How to clean a car’s windscreen scuttle water drains?

As you drive the car, the car collects dirt and debris in all kinds of nooks and crannies. Usually a bit of dirt won’t affect the car’s functionality, it only ruins the looks of your car. In some cases though it can be that dirt prevents parts of the car working properly. Take, for example, water leaks which usually come about due to inadequate drainage of water in wet weather conditions. A common drainage problem usually occurs at the drain holes just under the windscreen.

How does it happen?

Dirt (like sand, decomposing leaves and so on) can block the drain holes preventing water to clear from the plastic windscreen scuttle (or cowl) underneath the car’s windscreen. If, added to that, the seals around this area are not in a good shape it can be that water drips into the passenger compartment, in many cases it will run into the footwell. If not addressed, the affected areas can ultimately start to corrode leading to further, more expensive repairs.

Prevention?

Thankfully, preventing the drains from clogging up is super simple. It just takes you, your hands and some regular effort. With other words you ought to make sure the scuttle is clear of leaves and sludge whenever possible, to reduce the chance a drain clogs up. Especially because water drains are not usually cleaned at regular services. Remember to raise this at your next service with your mechanic too. The drains and scuttle should be cleared of any dirt and debris at your next service. Of course, if you can, do remember to clean the scuttle of leaves and dirt yourself daily.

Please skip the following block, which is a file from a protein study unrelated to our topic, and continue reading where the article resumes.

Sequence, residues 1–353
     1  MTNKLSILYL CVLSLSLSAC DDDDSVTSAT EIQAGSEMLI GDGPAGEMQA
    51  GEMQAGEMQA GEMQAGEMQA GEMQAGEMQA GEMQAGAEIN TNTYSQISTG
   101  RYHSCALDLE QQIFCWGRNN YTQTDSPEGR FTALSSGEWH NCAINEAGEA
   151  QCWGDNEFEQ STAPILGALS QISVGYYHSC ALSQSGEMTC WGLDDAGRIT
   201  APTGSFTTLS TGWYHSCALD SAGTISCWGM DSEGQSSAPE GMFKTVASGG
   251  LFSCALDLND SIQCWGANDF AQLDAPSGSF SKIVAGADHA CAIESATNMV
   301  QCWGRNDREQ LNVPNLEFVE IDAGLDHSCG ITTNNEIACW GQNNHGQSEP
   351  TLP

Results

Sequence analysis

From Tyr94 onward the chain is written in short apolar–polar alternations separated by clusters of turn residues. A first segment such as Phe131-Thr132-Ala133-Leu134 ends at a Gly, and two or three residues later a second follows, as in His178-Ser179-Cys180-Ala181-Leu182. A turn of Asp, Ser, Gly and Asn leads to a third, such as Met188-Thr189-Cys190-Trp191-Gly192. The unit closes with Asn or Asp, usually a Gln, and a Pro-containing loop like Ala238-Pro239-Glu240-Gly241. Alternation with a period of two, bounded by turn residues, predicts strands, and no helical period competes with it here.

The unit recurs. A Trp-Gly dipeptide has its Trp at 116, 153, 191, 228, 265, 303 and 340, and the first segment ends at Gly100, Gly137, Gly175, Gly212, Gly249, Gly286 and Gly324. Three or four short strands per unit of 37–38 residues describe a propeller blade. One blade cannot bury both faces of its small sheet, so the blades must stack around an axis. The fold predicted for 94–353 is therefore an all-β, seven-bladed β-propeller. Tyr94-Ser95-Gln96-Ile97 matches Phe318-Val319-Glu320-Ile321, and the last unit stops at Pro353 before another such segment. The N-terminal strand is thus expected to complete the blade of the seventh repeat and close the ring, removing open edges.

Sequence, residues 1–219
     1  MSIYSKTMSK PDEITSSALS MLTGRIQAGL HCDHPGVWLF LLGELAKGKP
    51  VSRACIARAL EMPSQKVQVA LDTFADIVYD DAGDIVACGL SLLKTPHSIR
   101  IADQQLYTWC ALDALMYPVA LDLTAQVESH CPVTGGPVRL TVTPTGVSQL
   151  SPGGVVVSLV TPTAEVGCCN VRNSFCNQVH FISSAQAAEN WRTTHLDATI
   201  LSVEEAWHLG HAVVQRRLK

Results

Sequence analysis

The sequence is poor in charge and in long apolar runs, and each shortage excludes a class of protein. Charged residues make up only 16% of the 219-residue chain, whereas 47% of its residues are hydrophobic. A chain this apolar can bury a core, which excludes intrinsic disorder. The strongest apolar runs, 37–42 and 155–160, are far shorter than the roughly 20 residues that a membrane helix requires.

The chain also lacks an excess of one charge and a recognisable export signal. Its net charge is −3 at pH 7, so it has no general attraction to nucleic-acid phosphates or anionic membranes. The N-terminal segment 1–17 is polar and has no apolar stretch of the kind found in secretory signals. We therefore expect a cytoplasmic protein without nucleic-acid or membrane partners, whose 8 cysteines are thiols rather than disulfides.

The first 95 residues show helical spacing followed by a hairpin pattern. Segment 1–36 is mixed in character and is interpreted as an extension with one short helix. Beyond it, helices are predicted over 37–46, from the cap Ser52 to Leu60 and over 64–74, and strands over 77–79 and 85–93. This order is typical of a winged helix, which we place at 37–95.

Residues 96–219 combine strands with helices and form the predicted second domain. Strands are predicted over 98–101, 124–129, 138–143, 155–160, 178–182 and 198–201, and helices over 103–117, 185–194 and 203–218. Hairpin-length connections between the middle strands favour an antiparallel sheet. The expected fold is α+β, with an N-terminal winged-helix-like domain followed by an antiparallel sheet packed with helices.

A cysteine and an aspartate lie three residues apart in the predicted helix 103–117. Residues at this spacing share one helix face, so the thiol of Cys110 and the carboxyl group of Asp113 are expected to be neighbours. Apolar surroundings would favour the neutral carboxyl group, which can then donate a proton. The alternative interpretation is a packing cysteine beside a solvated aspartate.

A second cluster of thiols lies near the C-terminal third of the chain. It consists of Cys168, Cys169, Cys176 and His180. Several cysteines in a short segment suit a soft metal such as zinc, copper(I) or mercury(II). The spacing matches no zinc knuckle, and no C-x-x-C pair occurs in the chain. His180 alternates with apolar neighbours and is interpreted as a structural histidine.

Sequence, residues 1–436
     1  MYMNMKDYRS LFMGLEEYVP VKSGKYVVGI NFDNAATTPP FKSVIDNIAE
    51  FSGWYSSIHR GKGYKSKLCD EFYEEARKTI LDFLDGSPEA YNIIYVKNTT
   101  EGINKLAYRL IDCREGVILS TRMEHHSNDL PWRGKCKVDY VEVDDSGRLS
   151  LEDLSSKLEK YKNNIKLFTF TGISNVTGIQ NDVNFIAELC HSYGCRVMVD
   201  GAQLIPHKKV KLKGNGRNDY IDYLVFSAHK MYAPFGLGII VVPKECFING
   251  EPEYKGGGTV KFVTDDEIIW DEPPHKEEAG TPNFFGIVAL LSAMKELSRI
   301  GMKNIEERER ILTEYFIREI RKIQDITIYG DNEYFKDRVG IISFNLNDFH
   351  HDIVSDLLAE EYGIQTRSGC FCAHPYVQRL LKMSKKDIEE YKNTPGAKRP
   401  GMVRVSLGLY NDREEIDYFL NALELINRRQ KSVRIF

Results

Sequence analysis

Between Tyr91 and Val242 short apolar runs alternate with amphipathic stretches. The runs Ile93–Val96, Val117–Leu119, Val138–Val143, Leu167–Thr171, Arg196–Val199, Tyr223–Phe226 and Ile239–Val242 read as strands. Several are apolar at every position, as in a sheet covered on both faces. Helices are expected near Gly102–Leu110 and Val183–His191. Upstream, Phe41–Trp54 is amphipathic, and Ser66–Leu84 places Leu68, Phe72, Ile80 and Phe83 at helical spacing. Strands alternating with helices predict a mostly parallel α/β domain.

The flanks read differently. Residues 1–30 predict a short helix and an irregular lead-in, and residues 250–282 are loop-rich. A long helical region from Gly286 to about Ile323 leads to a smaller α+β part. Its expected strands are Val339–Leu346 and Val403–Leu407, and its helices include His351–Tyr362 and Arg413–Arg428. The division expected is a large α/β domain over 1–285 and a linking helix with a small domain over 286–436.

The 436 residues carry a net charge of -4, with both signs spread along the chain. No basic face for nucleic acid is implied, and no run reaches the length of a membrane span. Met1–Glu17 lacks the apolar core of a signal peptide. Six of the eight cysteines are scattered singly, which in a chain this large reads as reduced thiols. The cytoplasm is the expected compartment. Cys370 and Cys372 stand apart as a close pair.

How to clean?

Should you be so unlucky to already have a blocked drain hole, then try following the following to clean the drains:

  • Accessing the drain holes depends on your car, in some cases it might mean that you would have to remove the windscreen wipers and scuttle.
  • Once having gained access to a drain hole it can usually be cleaned with a flexible wire and flushed with warm water.
  • Seek professional advice if you find that the water still does not drain correctly or if water still leaks into the passenger compartment.
  • Done!

The nitty-gritty?

Don’t forget that every car is a little different and might need a different approach to unclog the drain holes than the one presented here. Seek professional advice if you find that water has seeped through to other areas, risking corrosion of underlying components. Especially, as water leaks around the windscreen are not necessarily down to clogged drain holes (in this case consider one of our other guides).

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About Kurt Schleier

Resident classic car enthusiast and blogger at Clickmechanic.

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